Luther College Chips
May 8, 2008
Admit it, some of you are relieved that in a matter of days you’ll be back to the dog or cat house: that’s to say, your home, where your dog or cat has been going about his or her dog or cat life while you’ve been away at school.
For a few of you, one difficulty in this week of Spanish 102 has been keeping your mind on lists of irregular verbs when you know that in the kitchen at home your cat has been watching the sink drip when you can’t be there to watch the cat watch the sink drip. And, face it — that hurts.
Save for goldfish and a few illegal stowaways, Luther is a pet-free zone. Since pets lower blood pressure, blood cholesterol, triglycerides and stress in the people who live with them, your health has been in danger since last summer. It’s time to get home to recuperate.
For those of you who live with dogs, going home means getting an excited welcome.
My canine pal, a little lion dog named Willoughby, welcomes me home with a lot of jumping up and down, a bit of prancing in circles as he pumps his front legs in the air, wheeling around the kitchen a couple of times yipping and cutting capers, and looking for the nearest throwing toy so we can get some serious playtime going.
My human pals, at least those older than three, are less demonstrative.
My dog’s unconditional joy in my company, in walks and in trips to Grandma’s (where he is treated like dog king for a day) makes up for plenty of bad behavior on his part. (Believe me, the word “plenty” would sometimes scarcely touch it.) But the second reason I love living with a dog is the window he opens for me into a doggy world.
Willoughby’s world is first and foremost a world of smells. He knows when another dog, out for a walk with its owner, gets within half a block of our house. When he runs to the window barking, it’s to let that other dog know that his nose is not on vacation.
When we go for a morning walk up the path through the woods behind our house, I casually take in the view. Willoughby, on the pulling end of his long leash, is racing from one sniffing point to another, terribly serious about his duty of adding a squirt of pee to the daily message post. With only a few breaks to raise his nose up to catch the wind, he runs nose to the ground, where he is reading the morning news post of the previous 12 hours’ comings and goings of other dogs, deer, rabbits, weasels, skunks and squirrels.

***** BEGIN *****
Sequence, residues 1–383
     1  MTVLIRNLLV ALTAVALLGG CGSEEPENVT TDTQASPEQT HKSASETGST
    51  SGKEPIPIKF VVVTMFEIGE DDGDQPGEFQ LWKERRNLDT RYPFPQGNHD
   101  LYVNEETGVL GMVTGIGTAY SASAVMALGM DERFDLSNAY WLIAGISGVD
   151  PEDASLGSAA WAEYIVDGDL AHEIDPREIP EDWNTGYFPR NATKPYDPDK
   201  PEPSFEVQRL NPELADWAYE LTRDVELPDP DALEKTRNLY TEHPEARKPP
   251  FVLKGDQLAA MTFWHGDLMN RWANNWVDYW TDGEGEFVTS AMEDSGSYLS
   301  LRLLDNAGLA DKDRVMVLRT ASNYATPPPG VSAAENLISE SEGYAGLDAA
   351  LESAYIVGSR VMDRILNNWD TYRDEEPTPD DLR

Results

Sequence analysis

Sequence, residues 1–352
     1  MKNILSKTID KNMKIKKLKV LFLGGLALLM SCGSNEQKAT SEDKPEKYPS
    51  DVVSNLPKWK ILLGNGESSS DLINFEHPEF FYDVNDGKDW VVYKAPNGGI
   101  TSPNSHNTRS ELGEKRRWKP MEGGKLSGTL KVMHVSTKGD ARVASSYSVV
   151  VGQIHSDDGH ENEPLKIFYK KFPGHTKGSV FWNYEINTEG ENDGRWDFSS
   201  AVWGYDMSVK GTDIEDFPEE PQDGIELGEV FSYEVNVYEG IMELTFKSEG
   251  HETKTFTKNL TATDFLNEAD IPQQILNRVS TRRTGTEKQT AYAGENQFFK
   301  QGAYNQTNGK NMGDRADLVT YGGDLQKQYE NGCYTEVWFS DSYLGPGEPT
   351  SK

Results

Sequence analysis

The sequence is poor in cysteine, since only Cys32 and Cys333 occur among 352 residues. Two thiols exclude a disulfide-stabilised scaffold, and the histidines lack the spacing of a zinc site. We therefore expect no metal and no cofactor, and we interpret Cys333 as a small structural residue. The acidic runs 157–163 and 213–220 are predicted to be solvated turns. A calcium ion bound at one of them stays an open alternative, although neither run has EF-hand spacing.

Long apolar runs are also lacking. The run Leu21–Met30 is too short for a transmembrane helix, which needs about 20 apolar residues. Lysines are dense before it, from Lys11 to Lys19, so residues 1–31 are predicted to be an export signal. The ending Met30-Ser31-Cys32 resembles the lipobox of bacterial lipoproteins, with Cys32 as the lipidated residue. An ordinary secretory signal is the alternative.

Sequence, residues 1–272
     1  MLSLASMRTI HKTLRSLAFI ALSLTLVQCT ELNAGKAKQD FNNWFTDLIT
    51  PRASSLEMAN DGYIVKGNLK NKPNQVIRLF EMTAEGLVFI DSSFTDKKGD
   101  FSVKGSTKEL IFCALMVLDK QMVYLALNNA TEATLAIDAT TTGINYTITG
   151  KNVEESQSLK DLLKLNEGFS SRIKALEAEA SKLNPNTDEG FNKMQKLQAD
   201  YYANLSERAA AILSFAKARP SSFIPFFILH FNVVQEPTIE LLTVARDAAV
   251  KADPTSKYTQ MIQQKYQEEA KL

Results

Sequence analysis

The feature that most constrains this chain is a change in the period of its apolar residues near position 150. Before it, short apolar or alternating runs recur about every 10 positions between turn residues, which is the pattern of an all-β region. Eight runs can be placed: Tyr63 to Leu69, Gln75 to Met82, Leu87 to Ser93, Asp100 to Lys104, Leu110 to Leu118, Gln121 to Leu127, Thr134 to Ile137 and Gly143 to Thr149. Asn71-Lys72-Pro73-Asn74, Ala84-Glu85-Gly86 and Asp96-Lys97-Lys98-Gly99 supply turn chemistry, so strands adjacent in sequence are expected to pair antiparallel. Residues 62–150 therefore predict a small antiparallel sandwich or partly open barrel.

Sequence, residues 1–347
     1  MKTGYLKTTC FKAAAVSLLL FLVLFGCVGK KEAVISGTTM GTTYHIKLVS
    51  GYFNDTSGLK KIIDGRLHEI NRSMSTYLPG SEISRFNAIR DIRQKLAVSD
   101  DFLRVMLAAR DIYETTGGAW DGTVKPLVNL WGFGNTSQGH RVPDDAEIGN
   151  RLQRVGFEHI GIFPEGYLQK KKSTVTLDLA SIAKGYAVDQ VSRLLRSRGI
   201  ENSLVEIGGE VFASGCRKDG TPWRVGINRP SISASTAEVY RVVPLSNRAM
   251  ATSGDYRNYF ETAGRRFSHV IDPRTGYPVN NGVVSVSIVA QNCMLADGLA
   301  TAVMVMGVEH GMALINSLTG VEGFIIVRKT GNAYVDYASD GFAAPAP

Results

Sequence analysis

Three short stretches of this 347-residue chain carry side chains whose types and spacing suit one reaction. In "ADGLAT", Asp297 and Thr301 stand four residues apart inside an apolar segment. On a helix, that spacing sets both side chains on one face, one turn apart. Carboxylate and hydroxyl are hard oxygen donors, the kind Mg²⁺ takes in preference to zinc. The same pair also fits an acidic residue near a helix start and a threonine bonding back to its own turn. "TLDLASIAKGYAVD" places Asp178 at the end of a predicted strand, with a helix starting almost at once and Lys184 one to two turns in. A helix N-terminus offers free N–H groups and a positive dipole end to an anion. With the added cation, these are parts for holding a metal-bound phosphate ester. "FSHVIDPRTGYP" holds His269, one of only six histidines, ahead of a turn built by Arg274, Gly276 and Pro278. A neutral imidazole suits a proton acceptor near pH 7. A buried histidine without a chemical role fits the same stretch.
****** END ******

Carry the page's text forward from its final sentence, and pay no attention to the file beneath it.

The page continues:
After smell, Willoughby’s world is a world of sound. He knows, for example, from a certain engine noise and the barking of dogs in some distant quarter of our neighborhood that the mailman is about to trespass again across the family porch.
My dog’s ears also help me listen to myself more knowingly. He knows the sound of opening the drawer where I keep his leash, the sound of the scoop in his dog food, the sound of the door where I keep my coat and the sound of me picking up my car keys. When I see him looking anxious, I sometimes realize it is because my pace has picked up around the house as I get ready to leave the house for work, a sign to him that he’s about to be left alone for the day.
Even without smell and sound, dogs tune into a world far different than our own. Before Willoughby came along, my family shared the house with a tightly wired little Papillon named Tippy, who by his 13th year was hard of sight and hearing.
For all of that, Tippy would scratch at the door so he could be waiting outside when I arrived home. That only begins to seem strange when I tell you that it happened any time of day or night, whether I was driving, walking or biking and that I am a creature of somewhat irregular getting-home habits.
Smell and some additional sense, unsensible to humans, gave my aging Papillon his clue.
With this column, this year, I’ve attempted to enlarge the window on the more-than-human world around you. As you leave for the year or maybe for your adult wage-earning life beyond the Luther bubble, keep the window open by watching that dog or cat.
Having done that, look to some of the other winged or furry company around you. And then to the green growing things in your neighborhood. That accomplished, welcome back to the big natural household we are all meant to call home.